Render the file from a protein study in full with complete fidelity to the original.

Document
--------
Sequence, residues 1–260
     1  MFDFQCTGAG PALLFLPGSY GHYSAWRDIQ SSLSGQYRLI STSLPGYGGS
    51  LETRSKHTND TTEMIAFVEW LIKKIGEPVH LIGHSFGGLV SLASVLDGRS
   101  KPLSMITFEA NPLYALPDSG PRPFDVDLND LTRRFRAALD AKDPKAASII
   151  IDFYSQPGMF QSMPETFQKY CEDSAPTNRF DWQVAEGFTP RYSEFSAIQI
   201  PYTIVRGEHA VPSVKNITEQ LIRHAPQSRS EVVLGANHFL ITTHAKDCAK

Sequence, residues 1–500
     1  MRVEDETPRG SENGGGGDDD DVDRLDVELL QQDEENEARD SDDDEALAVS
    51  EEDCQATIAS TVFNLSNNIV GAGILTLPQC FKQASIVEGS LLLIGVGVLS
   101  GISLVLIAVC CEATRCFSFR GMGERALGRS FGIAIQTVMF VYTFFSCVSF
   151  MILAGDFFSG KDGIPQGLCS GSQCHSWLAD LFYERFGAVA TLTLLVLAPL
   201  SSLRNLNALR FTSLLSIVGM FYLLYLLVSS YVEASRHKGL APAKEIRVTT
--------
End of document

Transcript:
Sequence, residues 1–260
     1  MFDFQCTGAG PALLFLPGSY GHYSAWRDIQ SSLSGQYRLI STSLPGYGGS
    51  LETRSKHTND TTEMIAFVEW LIKKIGEPVH LIGHSFGGLV SLASVLDGRS
   101  KPLSMITFEA NPLYALPDSG PRPFDVDLND LTRRFRAALD AKDPKAASII
   151  IDFYSQPGMF QSMPETFQKY CEDSAPTNRF DWQVAEGFTP RYSEFSAIQI
   201  PYTIVRGEHA VPSVKNITEQ LIRHAPQSRS EVVLGANHFL ITTHAKDCAK

Sequence, residues 1–500
     1  MRVEDETPRG SENGGGGDDD DVDRLDVELL QQDEENEARD SDDDEALAVS
    51  EEDCQATIAS TVFNLSNNIV GAGILTLPQC FKQASIVEGS LLLIGVGVLS
   101  GISLVLIAVC CEATRCFSFR GMGERALGRS FGIAIQTVMF VYTFFSCVSF
   151  MILAGDFFSG KDGIPQGLCS GSQCHSWLAD LFYERFGAVA TLTLLVLAPL
   201  SSLRNLNALR FTSLLSIVGM FYLLYLLVSS YVEASRHKGL APAKEIRVTT